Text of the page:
Against Divisiveness: Digital  Workers of the World Unite!  A Rejoinder to César Bolaño by Christian Fuchs

Abstract

This piece is a short rejoinder to César Bolaño’s paper The Political Economy of the Internet and related articles (e.g., Comor, Foley, Huws, Reveley, Rigi and Prey, Robinson) that center around the relevance of Marx’s labor theory of value for understanding social media. I argue that Dallas Smythe’s assessment of advertising was made to distinguish his approach from the one by Baran and Sweezy. Smythe developed the idea of capital’s exploitation of the audience at a time when both feminist and anti-imperialist Marxists challenged the orthodox idea that only white  factory workers are exploited. The crucial question is how to conceptualize productive labor. This is a theoretical, normative, and political question. A mathematical example shows the importance of the “crowdsourcing” of value-production on Facebook. I also point out parallels of the contemporary debate to the Soviet question of who is a productive or unproductive worker in the Material Product System.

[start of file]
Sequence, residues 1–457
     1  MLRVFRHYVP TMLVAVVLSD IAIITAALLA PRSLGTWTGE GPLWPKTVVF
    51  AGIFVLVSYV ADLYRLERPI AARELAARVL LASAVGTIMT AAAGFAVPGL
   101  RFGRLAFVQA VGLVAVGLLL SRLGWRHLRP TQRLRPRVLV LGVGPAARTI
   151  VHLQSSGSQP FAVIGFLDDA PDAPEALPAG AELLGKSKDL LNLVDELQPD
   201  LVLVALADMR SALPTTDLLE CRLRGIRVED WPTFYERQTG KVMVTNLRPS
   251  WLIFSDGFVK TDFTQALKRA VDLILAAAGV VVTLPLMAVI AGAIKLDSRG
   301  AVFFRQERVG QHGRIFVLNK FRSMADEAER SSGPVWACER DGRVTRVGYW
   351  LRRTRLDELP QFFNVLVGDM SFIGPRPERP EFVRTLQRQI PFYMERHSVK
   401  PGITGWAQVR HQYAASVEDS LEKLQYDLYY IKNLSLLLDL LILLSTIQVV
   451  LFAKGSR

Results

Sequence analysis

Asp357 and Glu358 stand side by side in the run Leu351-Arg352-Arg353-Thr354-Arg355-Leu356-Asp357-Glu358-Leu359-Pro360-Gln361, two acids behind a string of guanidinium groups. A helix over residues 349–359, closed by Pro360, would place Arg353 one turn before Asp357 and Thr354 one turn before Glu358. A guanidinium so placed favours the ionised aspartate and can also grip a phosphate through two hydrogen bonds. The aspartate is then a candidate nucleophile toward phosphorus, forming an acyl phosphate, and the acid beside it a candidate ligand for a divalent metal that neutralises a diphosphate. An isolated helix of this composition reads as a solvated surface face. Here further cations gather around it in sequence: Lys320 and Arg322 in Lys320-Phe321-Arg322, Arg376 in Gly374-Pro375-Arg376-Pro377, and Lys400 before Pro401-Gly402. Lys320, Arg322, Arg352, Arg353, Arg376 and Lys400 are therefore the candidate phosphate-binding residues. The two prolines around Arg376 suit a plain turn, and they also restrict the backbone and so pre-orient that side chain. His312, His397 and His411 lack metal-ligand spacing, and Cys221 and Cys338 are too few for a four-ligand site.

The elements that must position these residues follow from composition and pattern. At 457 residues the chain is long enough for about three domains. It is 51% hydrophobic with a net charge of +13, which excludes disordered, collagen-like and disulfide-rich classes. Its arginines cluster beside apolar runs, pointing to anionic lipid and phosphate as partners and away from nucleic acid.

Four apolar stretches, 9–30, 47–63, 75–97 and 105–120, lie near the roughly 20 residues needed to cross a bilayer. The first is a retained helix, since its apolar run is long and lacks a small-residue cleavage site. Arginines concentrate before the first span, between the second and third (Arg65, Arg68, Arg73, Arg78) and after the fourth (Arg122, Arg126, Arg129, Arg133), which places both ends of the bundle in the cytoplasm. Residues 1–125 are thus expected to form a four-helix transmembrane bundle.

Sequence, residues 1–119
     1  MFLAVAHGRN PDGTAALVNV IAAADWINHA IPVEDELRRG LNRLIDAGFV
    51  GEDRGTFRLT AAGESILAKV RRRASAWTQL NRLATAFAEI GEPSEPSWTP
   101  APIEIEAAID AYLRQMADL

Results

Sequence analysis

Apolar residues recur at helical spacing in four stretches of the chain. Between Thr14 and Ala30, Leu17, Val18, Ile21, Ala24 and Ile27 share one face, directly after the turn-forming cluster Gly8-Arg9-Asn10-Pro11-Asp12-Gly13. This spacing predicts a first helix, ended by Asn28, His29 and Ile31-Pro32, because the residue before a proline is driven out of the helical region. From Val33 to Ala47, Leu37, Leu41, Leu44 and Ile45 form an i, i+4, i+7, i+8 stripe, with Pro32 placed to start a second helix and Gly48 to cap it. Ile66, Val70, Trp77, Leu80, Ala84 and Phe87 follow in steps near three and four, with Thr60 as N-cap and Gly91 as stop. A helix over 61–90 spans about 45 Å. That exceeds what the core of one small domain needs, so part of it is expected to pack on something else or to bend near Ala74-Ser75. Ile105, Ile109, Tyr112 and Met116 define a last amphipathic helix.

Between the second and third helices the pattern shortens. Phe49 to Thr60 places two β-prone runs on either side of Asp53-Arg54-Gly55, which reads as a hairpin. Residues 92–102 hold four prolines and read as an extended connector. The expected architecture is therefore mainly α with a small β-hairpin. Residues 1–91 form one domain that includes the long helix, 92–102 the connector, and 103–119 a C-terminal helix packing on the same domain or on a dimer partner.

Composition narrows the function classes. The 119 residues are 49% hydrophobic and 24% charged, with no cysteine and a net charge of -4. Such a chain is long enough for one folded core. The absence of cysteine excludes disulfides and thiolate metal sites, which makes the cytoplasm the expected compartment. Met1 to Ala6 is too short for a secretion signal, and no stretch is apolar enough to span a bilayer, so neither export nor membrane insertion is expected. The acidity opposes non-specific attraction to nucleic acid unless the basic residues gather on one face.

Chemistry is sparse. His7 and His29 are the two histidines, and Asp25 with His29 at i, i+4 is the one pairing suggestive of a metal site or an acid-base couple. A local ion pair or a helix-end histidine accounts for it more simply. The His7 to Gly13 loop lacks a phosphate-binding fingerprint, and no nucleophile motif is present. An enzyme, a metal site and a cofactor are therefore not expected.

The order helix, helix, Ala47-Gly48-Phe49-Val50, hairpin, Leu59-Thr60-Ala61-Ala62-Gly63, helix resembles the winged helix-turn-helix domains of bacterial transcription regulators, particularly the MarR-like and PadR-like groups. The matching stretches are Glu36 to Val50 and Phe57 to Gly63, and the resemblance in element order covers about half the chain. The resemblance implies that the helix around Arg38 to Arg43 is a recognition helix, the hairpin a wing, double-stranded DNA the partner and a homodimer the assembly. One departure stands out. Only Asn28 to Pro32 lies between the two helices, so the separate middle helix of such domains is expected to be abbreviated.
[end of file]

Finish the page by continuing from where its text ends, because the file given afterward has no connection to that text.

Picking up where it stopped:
Keywords: Social media, Internet, digital labor, Karl Marx, Dallas Smythe, labor theory of value

The Slow Death of the Socialist International by Dan Gallin

Original post

Dan Gallin at the International Summer School

Talk at the Global Labour Institute International Summer School 2014. Video available here.

– By Dan Gallin